Gun control study fails attempt to prove myth that gun possession doesn't make you safer
By Eugene Volokh
"Guns Did Not Protect Those Who Possessed Them from Being Shot in an Assault."
So reports a press release posted at ScienceDaily.com, which also says:
The study estimated that people with a gun were 4.5 times more likely to be shot in an assault than those not possessing a gun.
“This study helps resolve the long-standing debate about whether guns are protective or perilous,” notes study author Charles C. Branas, PhD, Associate Professor of Epidemiology. “Will possessing a firearm always safeguard against harm or will it promote a false sense of security?” …
Penn researchers investigated the link between being shot in an assault and a person’s possession of a gun at the time of the shooting. As identified by police and medical examiners, they randomly selected 677 cases of Philadelphia residents who were shot in an assault from 2003 to 2006. Six percent of these cases were in possession of a gun (such as in a holster, pocket, waistband, or vehicle) when they were shot.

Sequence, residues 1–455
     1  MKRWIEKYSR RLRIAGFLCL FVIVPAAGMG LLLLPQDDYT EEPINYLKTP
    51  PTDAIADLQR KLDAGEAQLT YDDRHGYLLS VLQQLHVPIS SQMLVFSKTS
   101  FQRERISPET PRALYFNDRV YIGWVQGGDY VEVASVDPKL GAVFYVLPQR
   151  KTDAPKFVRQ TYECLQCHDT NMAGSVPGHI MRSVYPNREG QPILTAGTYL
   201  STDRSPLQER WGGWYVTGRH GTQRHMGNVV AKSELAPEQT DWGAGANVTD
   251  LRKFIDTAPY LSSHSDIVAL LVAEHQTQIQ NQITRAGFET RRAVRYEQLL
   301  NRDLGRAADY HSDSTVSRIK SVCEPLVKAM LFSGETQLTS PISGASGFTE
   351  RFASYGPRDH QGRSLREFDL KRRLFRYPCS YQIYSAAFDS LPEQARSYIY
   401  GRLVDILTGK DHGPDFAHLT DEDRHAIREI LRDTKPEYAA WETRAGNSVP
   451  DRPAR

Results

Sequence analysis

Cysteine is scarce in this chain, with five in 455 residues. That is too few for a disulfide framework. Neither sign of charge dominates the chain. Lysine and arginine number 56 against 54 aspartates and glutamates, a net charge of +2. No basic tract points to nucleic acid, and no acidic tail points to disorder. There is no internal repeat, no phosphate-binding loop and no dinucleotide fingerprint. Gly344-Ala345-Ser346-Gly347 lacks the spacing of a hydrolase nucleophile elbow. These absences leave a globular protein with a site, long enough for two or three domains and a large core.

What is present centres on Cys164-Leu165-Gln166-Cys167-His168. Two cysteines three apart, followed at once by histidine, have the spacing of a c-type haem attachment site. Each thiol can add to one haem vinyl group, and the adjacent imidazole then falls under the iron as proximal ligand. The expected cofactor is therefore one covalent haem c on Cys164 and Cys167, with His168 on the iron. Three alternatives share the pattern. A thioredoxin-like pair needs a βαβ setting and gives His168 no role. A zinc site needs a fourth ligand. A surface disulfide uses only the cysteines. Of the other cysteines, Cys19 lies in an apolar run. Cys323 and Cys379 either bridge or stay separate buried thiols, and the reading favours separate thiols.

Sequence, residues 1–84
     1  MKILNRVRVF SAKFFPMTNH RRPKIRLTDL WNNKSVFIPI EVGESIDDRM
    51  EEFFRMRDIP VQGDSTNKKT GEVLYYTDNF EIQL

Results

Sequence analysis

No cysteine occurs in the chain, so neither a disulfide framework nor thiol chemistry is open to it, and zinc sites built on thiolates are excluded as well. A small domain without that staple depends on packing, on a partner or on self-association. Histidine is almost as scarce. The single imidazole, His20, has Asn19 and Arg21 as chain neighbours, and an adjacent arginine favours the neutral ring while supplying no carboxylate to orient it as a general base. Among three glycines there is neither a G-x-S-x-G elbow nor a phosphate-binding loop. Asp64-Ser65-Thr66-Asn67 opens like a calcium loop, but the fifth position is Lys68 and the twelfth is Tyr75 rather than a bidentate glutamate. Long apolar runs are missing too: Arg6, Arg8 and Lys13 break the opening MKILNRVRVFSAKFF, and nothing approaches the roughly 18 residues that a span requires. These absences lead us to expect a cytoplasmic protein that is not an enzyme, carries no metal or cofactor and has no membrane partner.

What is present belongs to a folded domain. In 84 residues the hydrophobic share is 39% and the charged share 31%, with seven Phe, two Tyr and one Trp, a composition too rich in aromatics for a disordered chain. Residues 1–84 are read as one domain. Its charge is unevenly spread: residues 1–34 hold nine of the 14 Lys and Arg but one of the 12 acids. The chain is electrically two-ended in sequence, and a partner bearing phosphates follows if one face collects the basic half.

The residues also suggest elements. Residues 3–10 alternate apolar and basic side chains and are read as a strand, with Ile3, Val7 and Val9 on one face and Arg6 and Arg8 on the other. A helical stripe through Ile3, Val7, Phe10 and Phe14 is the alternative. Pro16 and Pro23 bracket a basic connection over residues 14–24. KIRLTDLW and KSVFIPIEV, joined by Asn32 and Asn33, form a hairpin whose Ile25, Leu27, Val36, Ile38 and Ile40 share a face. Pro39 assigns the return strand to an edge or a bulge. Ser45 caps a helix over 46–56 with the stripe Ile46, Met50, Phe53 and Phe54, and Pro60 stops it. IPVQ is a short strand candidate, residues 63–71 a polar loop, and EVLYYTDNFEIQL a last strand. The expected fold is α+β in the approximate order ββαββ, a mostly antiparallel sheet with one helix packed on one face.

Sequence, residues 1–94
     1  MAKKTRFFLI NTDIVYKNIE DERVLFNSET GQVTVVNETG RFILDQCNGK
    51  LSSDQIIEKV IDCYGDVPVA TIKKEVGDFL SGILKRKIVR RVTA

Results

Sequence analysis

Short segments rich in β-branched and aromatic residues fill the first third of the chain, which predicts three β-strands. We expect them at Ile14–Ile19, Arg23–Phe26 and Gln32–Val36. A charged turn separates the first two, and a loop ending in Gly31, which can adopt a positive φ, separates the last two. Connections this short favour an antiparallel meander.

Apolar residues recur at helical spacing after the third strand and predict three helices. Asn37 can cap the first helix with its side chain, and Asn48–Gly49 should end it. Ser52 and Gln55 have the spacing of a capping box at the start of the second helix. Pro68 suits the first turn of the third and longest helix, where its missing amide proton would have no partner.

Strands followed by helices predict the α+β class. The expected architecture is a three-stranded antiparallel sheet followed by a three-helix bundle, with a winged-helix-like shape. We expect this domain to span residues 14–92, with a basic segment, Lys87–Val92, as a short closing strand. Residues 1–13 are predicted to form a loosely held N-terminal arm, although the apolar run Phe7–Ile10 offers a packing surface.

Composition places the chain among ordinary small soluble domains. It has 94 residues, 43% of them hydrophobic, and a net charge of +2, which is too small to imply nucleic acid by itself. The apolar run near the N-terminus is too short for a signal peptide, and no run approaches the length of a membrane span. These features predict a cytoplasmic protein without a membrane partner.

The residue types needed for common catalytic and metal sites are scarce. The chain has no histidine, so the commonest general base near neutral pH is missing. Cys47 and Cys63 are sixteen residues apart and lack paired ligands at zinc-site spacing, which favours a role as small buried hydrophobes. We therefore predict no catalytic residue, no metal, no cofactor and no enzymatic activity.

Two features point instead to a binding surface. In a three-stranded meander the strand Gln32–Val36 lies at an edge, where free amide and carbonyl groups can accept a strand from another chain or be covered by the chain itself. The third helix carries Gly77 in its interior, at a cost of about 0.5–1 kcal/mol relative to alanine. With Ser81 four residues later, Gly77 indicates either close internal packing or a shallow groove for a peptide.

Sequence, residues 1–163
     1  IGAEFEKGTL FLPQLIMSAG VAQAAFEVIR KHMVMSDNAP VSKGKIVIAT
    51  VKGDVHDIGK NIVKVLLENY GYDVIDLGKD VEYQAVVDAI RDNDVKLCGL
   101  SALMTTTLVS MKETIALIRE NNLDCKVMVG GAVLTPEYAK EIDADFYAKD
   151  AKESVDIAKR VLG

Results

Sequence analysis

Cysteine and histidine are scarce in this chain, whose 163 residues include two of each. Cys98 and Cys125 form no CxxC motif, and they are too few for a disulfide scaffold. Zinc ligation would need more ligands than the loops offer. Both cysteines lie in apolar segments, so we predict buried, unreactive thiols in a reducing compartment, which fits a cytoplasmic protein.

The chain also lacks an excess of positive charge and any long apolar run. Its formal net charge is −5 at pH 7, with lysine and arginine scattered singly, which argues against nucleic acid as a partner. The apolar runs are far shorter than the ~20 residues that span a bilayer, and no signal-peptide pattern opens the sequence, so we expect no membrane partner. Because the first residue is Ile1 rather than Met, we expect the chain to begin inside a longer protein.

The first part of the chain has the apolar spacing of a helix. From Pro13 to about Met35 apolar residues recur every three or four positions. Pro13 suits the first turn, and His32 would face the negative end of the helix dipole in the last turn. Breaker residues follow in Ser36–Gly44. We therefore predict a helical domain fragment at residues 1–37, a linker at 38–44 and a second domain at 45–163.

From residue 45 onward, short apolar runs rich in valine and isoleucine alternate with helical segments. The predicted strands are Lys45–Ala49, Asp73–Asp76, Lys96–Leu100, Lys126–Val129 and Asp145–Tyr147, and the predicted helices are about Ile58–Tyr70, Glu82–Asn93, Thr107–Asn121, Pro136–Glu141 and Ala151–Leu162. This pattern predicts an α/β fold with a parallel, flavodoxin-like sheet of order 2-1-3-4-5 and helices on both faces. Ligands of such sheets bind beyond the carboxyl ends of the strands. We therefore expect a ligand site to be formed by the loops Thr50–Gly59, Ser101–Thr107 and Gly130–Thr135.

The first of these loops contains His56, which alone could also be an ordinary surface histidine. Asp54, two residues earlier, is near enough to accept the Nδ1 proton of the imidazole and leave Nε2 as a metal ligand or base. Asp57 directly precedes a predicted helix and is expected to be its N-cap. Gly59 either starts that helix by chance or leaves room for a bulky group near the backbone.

These shooting cases were matched to Philadelphia residents who acted as the study’s controls. To identify the controls, trained phone canvassers called random Philadelphians soon after a reported shooting and asked about their possession of a gun at the time of the shooting. These random Philadelphians had not been shot and had nothing to do with the shooting. This is the same approach that epidemiologists have historically used to establish links between such things as smoking and lung cancer or drinking and car crashes.
This was promptly echoed in the Philadelphia Daily News.
Conspicuously missing from the press release and the news story were two critical limitations that were admitted in the original study. These qualifiers mean that the press release headline, as well as all the other statements and implications of causation, were quite mistaken. Perhaps defensive possession and carrying of guns helps protect the possessor and carrier, and perhaps it doesn't. But the study sheds virtually no light on the subject.
Click here to read the entire analysis.